Head chef, Rothay Manor, Ambleside, Cumbria
Nominator Greg Stephenson
Daniel McGeorge didn't intend to have a career in hospitality – it, as the saying goes, chose him. After studying for a law degree, in 2011 he went to Liverpool Community College to develop his passion for cooking.
Since graduating, he has worked in several high-profile kitchens alongside chefs including Simon Rimmer, Sam Moody and Ben Mounsey. In taking on the head chef role at Rothay Manor, he retained its two rosettes in 2018 and then earned it a third in 2019. He has also helped to establish the Ambleside restaurant as a place to eat in the Lake District, and increased profitability from £277,000 in 2018 to nearly £340,000 in 2019.
McGeorge is also a familiar name on the National Chef of the Year competition circuit. He placed as a semi-finalist in 2019 and again this year. He also mentors his team to participate in continual professional development alongside his own training, including pursuing the WSET Level 2.
In view of the recent time spent locked out of hospitality, what did you miss the most?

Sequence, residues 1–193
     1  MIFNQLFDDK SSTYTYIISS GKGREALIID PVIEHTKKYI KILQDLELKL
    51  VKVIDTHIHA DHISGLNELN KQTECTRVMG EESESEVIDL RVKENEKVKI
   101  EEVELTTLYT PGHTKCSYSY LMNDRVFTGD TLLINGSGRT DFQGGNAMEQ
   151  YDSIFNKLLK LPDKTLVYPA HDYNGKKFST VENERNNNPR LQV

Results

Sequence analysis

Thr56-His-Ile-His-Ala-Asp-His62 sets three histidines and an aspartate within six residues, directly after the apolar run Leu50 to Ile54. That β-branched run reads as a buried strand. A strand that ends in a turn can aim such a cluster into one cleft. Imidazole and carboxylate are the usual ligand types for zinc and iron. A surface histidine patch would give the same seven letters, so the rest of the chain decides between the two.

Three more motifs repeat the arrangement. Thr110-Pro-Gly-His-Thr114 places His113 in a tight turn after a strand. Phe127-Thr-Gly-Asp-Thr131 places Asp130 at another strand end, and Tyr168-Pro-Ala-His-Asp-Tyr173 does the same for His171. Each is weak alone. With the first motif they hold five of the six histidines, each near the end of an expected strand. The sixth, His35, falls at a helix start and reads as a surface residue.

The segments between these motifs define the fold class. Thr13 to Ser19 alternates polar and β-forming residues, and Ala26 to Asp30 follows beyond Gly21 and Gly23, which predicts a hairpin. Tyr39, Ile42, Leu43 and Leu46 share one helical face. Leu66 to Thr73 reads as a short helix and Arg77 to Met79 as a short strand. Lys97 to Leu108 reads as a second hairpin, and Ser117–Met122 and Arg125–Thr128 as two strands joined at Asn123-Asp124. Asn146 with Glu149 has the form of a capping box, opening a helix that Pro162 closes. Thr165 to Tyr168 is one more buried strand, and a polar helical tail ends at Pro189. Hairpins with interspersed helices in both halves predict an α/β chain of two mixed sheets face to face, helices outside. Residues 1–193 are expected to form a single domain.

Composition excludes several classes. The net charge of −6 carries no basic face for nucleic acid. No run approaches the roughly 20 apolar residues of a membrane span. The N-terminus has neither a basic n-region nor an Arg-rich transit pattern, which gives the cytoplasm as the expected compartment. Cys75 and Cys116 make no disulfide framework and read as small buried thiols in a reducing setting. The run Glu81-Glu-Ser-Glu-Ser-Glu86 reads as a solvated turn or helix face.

I like to keep busy, so lockdown was hard, probably more so on my partner, who I most likely drove insane. It's like a second family in the kitchen, so of course I missed the team too – just don't tell them that!
Do you think the hospitality industry could be more sustainable? Not just in terms of plastics and waste but in terms of careers and diversity, training, and growth?
The hospitality industry is probably one of the most difficult to make more sustainable, as it's so dependent on guests. Creating a work-life balance is also difficult and increasing salaries in line with other professions has its own issues.
Who is your hospitality hero?
Ben Mounsey, the chef-patron of Cloak Dining in the Wirral. He is one of my previous head chefs as well as a close friend who has influenced my cooking style and my mentality in the kitchen.